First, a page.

What Is Reverse DNS?

Regular DNS can be pretty confusing sometimes, so as you’d imagine, it gets a bit more complicated when you reverse it. Let’s go over standard forward DNS first, just to clear things up. Feel free to skip this if you’re familiar with it all.

Regular DNS

The thing to remember about DNS is that it’s all about queries and replies.

When you go to view a website, here’s what happens:

  • Your computer queries your local DNS resolver for where to go — and waits patiently for the resolver to do all the heavy work.
  • The local DNS resolver queries the root servers for the registrar responsible for the information, gets a reply and goes on to the next step
  • The DNS resolver now asks the registrar for the name(s) and address(es) of the server(s) responsible for knowing all the details about the domain name. These are called nameservers.
  • The DNS resolver now queries the nameservers (which it knows to be authoritative because it started from the root) for the IP address of the server that hosts the web site you’ve clicked to view, and receives it.
  • The local resolver sends that IP address back to your computer, which can now look it up on the internet in a format that makes sense to it, rather than to us.

Reverse DNS

Reverse DNS is a means of checking that a computer claiming to be a specific server isn’t actually faking it. When people send out spam, viruses, and so on, they don’t tend to use their real names and emails. To cut down on the amount of spam that comes in, many mail servers use reverse DNS to confirm that the server trying to deliver mail to them is genuine.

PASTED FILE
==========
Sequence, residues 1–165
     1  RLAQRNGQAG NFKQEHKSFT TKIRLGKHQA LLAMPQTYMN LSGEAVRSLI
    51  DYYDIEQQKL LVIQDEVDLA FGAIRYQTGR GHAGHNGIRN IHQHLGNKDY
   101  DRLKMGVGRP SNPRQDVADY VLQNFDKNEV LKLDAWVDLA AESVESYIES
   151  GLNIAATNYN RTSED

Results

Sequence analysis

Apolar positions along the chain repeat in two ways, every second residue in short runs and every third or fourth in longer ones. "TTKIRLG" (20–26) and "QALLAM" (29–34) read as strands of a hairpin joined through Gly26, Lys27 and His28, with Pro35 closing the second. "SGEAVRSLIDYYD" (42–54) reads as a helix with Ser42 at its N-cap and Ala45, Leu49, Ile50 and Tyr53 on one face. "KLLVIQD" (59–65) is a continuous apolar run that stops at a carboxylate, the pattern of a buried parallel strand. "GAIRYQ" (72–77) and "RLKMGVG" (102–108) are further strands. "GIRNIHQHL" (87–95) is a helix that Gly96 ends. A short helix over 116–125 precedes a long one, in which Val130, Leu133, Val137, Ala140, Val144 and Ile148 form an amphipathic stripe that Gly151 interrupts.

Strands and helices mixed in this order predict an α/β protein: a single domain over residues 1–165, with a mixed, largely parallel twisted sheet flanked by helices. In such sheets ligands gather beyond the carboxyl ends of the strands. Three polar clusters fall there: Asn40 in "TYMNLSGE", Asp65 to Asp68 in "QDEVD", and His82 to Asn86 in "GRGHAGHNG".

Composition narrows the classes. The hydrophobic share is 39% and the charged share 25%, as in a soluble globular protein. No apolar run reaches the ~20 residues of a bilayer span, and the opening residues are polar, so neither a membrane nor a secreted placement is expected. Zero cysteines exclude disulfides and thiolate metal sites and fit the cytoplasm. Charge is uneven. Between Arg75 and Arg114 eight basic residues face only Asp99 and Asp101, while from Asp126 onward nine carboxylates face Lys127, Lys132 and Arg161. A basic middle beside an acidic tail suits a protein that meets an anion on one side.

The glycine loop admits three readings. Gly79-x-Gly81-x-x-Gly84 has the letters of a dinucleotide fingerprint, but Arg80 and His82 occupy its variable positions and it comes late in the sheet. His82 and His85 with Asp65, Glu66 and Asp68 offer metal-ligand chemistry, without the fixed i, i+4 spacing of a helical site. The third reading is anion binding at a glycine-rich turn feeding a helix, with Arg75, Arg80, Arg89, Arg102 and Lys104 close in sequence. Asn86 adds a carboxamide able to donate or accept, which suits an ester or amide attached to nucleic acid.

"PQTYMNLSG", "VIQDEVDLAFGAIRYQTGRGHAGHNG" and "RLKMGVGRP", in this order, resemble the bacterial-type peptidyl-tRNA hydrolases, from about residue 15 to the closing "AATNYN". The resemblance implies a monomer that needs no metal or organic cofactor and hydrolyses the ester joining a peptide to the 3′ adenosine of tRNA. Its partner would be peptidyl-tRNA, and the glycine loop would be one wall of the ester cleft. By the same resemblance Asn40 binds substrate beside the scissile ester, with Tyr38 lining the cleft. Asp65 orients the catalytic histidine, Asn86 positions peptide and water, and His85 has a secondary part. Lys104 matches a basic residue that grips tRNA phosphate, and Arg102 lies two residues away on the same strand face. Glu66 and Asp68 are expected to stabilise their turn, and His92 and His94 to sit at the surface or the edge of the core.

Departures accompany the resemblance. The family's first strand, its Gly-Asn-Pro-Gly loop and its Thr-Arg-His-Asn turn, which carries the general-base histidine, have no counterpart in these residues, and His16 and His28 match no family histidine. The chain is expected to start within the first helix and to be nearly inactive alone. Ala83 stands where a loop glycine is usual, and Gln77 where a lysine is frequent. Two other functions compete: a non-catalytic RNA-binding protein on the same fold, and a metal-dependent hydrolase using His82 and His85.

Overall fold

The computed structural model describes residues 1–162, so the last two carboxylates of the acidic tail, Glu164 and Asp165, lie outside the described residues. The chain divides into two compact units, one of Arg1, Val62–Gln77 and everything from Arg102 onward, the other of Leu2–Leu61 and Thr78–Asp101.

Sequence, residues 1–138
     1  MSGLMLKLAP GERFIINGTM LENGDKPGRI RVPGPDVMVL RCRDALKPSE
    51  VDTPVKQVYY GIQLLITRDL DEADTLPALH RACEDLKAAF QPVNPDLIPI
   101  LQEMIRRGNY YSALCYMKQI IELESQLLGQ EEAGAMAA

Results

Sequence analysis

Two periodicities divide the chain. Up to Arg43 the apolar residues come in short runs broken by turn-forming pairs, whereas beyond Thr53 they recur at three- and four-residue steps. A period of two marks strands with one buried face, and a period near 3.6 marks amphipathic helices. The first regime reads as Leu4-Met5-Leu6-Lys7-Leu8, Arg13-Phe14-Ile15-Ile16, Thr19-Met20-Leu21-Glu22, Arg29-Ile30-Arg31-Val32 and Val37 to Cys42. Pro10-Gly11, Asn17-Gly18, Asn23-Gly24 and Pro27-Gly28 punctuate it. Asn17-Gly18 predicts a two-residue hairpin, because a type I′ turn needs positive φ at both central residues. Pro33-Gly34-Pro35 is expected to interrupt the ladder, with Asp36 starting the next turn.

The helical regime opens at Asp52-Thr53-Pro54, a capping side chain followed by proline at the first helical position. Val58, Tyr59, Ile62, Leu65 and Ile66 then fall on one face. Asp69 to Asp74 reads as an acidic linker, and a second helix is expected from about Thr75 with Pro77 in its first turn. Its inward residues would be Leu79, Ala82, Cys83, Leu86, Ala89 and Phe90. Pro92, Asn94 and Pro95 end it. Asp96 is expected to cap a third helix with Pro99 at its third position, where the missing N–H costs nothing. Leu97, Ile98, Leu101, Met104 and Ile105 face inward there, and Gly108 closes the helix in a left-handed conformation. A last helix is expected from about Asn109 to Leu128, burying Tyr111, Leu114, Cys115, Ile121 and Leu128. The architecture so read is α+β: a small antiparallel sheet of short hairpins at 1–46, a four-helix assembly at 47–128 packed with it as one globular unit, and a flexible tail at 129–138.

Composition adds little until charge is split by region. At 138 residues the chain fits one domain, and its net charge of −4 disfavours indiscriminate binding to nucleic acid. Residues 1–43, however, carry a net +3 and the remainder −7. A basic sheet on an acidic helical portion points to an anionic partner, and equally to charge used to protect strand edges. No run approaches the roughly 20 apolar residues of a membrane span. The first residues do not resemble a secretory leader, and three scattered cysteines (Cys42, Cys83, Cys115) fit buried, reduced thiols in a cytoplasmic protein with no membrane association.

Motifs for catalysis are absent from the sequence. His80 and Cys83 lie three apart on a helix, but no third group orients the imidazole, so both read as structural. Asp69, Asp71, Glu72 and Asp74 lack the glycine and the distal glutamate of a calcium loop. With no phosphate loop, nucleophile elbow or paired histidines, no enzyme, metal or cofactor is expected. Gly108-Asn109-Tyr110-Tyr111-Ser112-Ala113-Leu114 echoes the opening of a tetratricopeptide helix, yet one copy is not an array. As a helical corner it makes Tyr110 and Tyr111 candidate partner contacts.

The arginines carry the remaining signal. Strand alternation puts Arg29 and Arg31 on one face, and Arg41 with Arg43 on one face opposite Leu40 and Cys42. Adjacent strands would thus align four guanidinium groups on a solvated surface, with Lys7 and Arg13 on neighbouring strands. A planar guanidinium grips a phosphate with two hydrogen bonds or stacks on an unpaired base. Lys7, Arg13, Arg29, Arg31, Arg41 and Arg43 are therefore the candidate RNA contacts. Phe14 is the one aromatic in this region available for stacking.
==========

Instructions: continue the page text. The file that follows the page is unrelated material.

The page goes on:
Communication on the net requires that every chunk of data be tagged with an IP address to tell where it comes from (so one can reply back). That means that you always know the unique address of a machine connecting to yours, even if you don’t know who it belongs to or where it may physically be.

IP addresses are assigned in large blocks of numbers by the International Association of Names and Addresses (IANA) to telcos and bandwidth providers who redistribute them in smaller chunks to Internet Service Providers, and so on down the line. These IPs have, just like domains, a series of authoritative DNS nameservers and responses that allow lookups to be made on their information. The only records they usually return are called PTR (pointer) records, which contain the name of the host record which is supposed to resolve to it.

Take one of our mail servers, for example, smtp.easydns.com :

A standard lookup on this host name will return the A record for it, as follows.

$ dig smtp.easydns.com
smtp.easydns.com.	237	IN	A

A receiving mailserver might be satisfied just to believe it when this machine connects and identifies itself as smtp.easydns.com, but the server enabled to do reverse checking will take a confirmation step, and check to see what PTR record exists for that IP address first.

To do so, it checks the root servers to see who is authoritative for that IP.

We can do the same through manual lookups, and see the same results.

Here’s how one might do a reverse lookup on the IP address above

$ dig -x
;; ANSWER SECTION: 990 IN PTR smtp.easydns.com.